First there was Phil Zwerling, two years ahead of me, and a devout Marxist. Phil spent a lot of time in Cuba perfecting his economic worldview. He not only spoke like a Marxist, he was the genuine article. I invited him to guest speak in Scituate, Massachusetts, my first church. In coffee hour I inquired among my members, “Isn’t he great?” The consensus was an emphatic “no!” 

But Phil found his niche at the First Church in Los Angeles, a church made legend by its minister in the late 40’s, 50’s, and early 60’s, Stephen Fritchman. If you don’t know him, at least Google him or read his biography called Heretic. The LA church had 1200 members in those years when the House on un-American Activities drove liberals insane. All nonprofits had to sign a loyalty oath back then, and Fritchman publicly refused to do so and denounced the new rules as scandalous in a Democracy. The Hollywood 10, who were blackballed by the film industry, supported the church along with countless famous leftish leaders.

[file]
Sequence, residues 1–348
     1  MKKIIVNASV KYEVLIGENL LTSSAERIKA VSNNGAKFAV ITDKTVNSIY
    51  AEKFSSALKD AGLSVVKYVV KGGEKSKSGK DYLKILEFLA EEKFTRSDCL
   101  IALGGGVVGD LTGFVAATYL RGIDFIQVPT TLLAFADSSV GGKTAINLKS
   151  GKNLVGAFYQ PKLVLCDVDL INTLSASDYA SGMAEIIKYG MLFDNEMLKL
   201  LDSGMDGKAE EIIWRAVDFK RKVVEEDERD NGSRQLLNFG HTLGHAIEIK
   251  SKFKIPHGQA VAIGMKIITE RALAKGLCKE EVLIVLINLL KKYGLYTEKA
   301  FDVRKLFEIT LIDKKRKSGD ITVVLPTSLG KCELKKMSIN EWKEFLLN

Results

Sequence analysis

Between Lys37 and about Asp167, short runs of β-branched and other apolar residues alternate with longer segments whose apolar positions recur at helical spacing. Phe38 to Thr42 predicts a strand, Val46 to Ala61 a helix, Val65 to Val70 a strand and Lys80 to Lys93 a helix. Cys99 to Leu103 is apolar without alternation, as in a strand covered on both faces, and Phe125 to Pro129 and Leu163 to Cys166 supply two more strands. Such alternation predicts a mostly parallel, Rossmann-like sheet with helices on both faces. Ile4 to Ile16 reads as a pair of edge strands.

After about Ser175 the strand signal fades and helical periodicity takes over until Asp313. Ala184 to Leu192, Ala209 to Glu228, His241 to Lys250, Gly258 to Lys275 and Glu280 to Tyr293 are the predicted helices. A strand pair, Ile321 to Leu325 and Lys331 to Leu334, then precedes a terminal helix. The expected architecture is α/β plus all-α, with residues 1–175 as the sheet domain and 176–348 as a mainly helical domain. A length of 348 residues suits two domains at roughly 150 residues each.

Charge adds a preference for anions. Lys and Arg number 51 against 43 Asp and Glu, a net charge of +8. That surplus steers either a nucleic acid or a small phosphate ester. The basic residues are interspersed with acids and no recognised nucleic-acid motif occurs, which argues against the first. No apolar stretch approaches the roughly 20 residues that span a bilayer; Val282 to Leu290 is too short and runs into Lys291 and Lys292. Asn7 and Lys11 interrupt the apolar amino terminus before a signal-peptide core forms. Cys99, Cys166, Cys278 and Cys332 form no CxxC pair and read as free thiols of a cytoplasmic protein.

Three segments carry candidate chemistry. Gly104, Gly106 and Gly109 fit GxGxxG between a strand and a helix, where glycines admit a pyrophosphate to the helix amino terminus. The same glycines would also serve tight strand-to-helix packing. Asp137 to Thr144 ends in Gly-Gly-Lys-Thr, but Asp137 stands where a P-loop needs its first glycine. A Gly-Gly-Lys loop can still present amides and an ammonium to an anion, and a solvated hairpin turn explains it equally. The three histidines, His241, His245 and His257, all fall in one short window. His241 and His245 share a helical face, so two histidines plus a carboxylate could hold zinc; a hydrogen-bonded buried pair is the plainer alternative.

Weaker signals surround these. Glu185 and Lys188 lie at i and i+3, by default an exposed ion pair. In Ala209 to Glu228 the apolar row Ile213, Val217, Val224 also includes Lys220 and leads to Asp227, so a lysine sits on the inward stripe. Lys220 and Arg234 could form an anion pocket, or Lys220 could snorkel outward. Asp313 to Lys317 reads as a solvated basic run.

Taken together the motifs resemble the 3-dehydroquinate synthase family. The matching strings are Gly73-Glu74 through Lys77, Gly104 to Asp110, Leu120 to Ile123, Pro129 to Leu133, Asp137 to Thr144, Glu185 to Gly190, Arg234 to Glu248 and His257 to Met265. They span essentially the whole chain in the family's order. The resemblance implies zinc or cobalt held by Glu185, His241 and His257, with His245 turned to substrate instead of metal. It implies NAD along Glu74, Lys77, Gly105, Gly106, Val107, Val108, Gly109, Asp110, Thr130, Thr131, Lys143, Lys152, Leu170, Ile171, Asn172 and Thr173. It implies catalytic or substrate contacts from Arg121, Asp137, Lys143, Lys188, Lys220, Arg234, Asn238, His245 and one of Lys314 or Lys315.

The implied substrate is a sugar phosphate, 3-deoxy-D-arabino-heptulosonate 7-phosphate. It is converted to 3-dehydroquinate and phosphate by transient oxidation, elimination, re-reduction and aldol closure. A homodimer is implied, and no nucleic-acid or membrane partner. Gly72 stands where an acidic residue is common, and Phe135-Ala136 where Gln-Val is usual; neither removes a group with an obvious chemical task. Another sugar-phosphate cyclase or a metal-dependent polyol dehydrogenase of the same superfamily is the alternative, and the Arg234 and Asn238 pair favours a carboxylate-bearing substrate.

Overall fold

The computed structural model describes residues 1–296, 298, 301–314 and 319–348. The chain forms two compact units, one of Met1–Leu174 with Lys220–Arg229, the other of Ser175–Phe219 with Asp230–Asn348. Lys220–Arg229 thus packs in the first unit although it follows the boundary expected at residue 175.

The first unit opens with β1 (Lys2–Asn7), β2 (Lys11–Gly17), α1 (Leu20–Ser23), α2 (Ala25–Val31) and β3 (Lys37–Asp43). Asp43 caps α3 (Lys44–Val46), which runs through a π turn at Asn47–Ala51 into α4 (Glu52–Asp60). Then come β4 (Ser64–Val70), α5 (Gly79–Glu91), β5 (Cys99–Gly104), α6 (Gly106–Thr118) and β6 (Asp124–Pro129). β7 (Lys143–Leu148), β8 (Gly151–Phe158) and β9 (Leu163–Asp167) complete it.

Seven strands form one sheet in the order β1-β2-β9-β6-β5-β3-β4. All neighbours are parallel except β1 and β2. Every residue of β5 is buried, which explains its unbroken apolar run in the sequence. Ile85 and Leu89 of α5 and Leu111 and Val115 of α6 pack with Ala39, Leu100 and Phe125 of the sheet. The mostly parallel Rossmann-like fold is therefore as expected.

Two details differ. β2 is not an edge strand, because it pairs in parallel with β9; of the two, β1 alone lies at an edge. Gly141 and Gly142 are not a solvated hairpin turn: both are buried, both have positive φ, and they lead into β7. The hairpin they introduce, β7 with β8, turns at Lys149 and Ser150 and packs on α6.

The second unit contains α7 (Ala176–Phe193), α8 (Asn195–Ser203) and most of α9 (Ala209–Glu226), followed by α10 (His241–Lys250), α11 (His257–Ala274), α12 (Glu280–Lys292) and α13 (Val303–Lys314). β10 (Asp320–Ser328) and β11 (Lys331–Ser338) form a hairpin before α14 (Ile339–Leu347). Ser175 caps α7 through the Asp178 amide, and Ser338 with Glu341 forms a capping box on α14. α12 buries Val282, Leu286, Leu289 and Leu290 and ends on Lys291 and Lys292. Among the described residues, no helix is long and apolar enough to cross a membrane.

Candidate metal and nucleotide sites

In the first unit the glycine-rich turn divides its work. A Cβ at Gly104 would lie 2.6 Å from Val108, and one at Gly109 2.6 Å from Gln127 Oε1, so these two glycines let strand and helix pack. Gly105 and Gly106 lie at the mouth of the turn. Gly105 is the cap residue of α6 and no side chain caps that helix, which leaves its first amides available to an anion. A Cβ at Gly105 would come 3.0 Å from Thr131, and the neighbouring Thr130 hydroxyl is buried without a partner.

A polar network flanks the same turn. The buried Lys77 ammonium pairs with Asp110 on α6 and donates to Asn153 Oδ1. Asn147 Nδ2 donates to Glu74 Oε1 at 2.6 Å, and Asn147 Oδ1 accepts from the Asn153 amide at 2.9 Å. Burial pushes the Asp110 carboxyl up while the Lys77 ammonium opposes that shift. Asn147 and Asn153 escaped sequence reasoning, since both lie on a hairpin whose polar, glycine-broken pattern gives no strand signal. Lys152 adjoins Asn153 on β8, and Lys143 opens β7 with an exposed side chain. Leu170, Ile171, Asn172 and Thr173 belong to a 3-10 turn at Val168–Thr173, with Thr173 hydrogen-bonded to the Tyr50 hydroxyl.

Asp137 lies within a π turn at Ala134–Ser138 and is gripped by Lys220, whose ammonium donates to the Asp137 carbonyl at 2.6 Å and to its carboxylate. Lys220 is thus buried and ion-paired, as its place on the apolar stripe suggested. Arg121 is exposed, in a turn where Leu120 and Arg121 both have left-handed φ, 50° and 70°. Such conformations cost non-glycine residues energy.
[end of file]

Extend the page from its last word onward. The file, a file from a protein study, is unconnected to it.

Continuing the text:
Although the church was but a shell of its former historic presence by the time Phil became their minister, he did introduce some radical ideas for that time. But something very unexpected happened. He married a police officer, a woman from the LAPD. I was happy for him, but wondered if Marxism is something one outgrew in mature years. But who can underestimate the power of love and strange bedfellows and opposites attracting.  I lost touch with Phil soon after his marriage.